These points emphasize that multiple-predator and multiple-prey systems are probably at work in the natural environment, and we must not over generalize a one predator – one prey hypothesis in the attempt to interpret the overall trends of the effects of predation of wolves on large ungulate populations. Literature Cited Bergerud, A. T., W. Wyett, and B. Snider. 1983.

The role of wolf predation in limiting a moose population. Journal of Wildlife Management. 47(4): 977-988. Bergerud, A. T., and W. B. Ballard.

1988. Wolf predation on caribou: the Nelchina herd case history, a different interpretation. Journal of Wildlife Management. 52(2): 344- 357. Boutin, S. 1992.

Predation and moose population dynamics: a critique. Journal of Wildlife Management. 56(1): 116-127. Dale, B. W., L.

G. Adams, and R. T. Bowyer. 1994.

Functional response of wolves preying on barren-ground caribou in a multiple prey ecosystem. Journal of Animal Ecology. 63: 644- 652. Gasaway, W. C., R. O.

Stephenson, J. L. Davis, P. E. K.

Shepherd, and O. E. Burris. 1983. Interrelationships of wolves, prey, and man in interior Alaska.

Wildlife Monographs. 84: 1- 50. Messier, F. 1985. Social organization, spatial distribution, and population density of wolves in relation to moose density. Canadian Journal of Zoology.

63: 1068-1077. Messier, F. 1994. Ungulate population models with predation: a case study with the North American moose. Ecology. 75(2): 478-488.

Seip, D. 1992. Factors limiting woodland caribou populations and ir interrelationships with wolves and moose in southeastern British Colombia. Canadian Journal of Zoology. 70: 1494-1503. Thompson, I.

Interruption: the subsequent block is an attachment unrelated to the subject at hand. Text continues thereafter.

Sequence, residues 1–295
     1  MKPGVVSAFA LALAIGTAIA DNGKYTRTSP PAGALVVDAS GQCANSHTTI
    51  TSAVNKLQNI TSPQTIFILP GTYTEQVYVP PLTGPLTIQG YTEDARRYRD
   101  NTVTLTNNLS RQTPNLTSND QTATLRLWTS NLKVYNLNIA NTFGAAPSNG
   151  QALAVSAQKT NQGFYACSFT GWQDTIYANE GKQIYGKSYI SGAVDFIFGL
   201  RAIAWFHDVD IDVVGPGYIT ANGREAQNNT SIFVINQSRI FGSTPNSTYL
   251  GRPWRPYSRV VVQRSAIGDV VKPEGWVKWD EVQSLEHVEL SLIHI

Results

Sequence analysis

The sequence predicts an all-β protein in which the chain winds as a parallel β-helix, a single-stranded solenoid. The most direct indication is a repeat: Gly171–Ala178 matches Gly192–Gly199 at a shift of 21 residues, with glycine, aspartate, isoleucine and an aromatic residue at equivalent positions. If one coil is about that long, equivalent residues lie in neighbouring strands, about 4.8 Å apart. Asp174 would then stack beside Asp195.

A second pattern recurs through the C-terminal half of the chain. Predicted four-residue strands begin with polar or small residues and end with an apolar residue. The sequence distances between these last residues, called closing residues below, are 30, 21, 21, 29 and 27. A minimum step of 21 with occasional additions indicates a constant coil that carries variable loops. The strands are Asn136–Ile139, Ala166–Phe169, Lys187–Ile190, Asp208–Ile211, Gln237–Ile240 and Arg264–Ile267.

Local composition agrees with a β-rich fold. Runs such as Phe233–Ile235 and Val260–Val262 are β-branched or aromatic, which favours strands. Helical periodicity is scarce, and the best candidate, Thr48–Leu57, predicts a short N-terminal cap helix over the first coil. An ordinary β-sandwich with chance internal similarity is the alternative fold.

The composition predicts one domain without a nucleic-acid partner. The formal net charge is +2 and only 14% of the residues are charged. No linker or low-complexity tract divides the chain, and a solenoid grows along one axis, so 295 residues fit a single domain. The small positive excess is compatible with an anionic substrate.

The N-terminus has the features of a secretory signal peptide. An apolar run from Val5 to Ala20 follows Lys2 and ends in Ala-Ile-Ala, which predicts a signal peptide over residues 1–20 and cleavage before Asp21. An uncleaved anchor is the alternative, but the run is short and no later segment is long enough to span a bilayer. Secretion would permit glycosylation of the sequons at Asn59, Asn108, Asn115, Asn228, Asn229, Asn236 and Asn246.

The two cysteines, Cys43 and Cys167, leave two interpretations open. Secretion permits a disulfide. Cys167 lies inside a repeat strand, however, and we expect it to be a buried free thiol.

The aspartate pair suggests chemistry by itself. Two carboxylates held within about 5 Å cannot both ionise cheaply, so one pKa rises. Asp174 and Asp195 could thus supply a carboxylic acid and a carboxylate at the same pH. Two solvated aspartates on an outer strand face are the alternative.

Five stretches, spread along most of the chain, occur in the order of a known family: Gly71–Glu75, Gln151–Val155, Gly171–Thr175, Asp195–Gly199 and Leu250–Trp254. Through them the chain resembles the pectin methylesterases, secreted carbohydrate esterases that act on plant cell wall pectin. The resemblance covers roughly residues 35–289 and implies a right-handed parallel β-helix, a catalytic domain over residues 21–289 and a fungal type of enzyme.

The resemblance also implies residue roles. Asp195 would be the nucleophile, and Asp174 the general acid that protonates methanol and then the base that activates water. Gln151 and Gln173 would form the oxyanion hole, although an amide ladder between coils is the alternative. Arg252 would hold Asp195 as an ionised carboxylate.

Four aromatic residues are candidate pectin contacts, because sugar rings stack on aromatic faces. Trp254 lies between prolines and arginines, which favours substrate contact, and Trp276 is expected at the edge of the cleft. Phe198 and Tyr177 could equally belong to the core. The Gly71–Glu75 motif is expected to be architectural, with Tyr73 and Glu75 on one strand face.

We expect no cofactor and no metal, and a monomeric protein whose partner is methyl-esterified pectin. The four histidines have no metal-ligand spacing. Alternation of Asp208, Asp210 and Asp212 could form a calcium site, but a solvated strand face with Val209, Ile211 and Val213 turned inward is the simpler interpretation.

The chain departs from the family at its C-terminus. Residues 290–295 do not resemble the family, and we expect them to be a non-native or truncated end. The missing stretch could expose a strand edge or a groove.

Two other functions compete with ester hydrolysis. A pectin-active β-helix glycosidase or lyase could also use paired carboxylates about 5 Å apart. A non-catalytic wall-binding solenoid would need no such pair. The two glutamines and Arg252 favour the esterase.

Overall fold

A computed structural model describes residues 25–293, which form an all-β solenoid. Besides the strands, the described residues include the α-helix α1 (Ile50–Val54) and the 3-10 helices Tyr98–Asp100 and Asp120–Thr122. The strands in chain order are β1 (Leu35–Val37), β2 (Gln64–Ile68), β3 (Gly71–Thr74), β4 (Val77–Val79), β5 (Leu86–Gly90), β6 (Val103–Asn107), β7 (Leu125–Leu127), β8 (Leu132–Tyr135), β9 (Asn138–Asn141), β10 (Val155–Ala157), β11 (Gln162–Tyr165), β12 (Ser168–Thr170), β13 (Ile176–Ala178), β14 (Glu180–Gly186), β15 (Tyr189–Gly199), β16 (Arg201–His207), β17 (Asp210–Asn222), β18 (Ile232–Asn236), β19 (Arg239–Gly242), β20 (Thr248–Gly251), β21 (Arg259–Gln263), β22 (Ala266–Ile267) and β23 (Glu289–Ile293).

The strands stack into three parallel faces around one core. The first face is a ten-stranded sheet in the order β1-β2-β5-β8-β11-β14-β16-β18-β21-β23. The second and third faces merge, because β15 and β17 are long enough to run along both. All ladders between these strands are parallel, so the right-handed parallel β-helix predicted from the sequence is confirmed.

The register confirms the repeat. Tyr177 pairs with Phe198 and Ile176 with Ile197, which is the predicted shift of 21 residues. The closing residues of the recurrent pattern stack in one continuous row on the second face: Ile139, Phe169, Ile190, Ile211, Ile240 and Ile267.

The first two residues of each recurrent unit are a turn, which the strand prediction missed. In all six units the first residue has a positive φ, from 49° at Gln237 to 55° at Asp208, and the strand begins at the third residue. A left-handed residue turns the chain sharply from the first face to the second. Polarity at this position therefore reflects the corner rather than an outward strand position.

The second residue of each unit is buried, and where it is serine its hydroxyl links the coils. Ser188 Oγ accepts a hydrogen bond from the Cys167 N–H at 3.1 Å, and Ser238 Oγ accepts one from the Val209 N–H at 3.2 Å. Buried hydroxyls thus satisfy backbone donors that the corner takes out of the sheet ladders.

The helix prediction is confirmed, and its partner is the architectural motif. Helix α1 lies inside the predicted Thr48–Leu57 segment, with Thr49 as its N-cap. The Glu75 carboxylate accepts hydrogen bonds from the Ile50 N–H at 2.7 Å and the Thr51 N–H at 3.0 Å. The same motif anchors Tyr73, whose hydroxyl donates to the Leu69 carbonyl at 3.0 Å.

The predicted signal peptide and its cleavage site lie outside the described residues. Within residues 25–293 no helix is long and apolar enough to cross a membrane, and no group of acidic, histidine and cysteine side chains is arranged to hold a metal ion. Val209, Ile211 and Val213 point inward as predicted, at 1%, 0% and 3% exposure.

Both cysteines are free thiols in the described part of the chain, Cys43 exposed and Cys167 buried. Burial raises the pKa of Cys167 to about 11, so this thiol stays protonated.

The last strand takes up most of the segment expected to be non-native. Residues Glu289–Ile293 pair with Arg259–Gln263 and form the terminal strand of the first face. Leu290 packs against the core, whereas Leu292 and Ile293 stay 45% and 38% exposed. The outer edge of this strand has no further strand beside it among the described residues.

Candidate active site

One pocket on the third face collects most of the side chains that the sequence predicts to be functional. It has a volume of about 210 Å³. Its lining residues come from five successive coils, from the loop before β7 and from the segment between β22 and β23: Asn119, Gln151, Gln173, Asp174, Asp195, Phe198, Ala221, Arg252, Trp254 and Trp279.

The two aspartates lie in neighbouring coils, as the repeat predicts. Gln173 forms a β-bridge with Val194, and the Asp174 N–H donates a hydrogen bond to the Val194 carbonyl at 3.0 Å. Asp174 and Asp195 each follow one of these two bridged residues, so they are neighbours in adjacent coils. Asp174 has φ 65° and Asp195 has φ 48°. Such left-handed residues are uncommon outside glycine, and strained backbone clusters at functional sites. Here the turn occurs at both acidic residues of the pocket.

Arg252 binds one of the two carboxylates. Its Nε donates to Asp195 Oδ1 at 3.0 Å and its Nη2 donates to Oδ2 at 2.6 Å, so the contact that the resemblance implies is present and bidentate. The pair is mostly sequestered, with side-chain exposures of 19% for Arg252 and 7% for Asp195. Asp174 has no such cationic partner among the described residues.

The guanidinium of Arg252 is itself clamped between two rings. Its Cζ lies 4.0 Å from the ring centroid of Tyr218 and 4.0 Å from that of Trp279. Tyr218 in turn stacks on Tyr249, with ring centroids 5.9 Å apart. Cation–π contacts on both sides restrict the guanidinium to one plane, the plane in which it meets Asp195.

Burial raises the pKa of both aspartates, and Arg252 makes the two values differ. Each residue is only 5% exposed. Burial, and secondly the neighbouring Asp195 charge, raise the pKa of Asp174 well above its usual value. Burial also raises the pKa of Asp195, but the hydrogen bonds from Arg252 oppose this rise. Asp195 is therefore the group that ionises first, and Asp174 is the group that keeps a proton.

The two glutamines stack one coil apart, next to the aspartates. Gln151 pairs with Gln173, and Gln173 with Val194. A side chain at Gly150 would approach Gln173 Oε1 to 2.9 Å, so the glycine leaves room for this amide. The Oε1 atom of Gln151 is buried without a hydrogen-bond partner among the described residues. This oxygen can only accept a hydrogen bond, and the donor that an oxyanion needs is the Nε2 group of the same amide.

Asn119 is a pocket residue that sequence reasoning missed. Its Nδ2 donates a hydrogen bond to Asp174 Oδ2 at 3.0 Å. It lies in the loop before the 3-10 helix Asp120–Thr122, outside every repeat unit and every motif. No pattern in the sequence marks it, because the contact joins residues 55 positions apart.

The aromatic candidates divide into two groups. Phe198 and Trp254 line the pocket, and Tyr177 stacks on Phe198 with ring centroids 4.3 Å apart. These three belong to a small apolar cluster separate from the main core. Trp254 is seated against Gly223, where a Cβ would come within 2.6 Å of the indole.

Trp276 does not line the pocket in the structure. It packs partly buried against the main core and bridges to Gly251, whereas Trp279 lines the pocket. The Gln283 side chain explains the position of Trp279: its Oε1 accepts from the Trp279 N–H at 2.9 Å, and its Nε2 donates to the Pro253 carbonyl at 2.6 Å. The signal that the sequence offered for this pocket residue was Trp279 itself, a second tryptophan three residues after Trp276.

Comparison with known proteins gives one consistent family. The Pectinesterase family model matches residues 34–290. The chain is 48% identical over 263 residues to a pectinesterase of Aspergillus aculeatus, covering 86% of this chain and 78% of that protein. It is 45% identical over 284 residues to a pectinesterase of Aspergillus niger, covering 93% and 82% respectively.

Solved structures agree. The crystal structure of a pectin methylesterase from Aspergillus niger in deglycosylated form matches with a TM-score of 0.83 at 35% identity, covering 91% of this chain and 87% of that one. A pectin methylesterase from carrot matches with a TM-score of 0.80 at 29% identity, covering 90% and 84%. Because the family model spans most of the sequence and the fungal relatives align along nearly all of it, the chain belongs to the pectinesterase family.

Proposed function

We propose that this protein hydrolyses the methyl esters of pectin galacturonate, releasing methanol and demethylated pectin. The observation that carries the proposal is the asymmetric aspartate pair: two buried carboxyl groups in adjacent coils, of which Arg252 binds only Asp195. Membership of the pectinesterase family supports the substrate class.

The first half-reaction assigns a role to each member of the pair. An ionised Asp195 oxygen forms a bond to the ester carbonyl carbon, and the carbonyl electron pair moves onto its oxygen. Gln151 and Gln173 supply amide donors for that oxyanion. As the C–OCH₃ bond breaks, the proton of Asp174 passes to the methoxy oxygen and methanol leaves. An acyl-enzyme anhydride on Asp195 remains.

D., and R. O. Peterson. 1988. Does wolf predation alone limit the moose population in Pukaskwa Park?: a comment. Journal of Wildlife Management. 52(3): 556-559. Van Ballenberghe, V.

1985. Wolf predation on caribou: the Nelchina herd case history. Journal of Wildlife Management. 49(3): 711-720. Bibliography Literature Cited Bergerud, A. T., W. Wyett, and B.

Snider. 1983. The role of wolf predation in limiting a moose population. Journal of Wildlife Management. 47(4): 977-988.

Bergerud, A. T., and W. B. Ballard. 1988.

Wolf predation on caribou: the Nelchina herd case history, a different interpretation. Journal of Wildlife Management. 52(2): 344- 357. Boutin, S. 1992. Predation and moose population dynamics: a critique.

Journal of Wildlife Management. 56(1): 116-127. Dale, B. W., L. G.

Adams, and R. T. Bowyer. 1994. Functional response of wolves preying on barren-ground caribou in a multiple prey ecosystem. Journal of Animal Ecology.

63: 644- 652. Gasaway, W. C., R. O. Stephenson, J.

L. Davis, P. E. K. Shepherd, and O. E.

Burris. 1983. Interrelationships of wolves, prey, and man in interior Alaska. Wildlife Monographs. 84: 1- 50. Messier, F. 1985.

Social organization, spatial distribution, and population density of wolves in relation to moose density. Canadian Journal of Zoology. 63: 1068-1077. Messier, F. 1994. Ungulate population models with predation: a case study with the North American moose.

Ecology. 75(2): 478-488. Seip, D. 1992. Factors limiting woodland caribou populations and ir interrelationships with wolves and moose in southeastern British Colombia. Canadian Journal of Zoology.

70: 1494-1503. Thompson, I. D., and R. O. Peterson. 1988.

Does wolf predation alone limit the moose population in Pukaskwa Park?: a comment. Journal of Wildlife Management. 52(3): 556-559. Van Ballenberghe, V. 1985. Wolf predation on caribou: the Nelchina herd case history. Journal of Wildlife Management.

49(3): 711-720.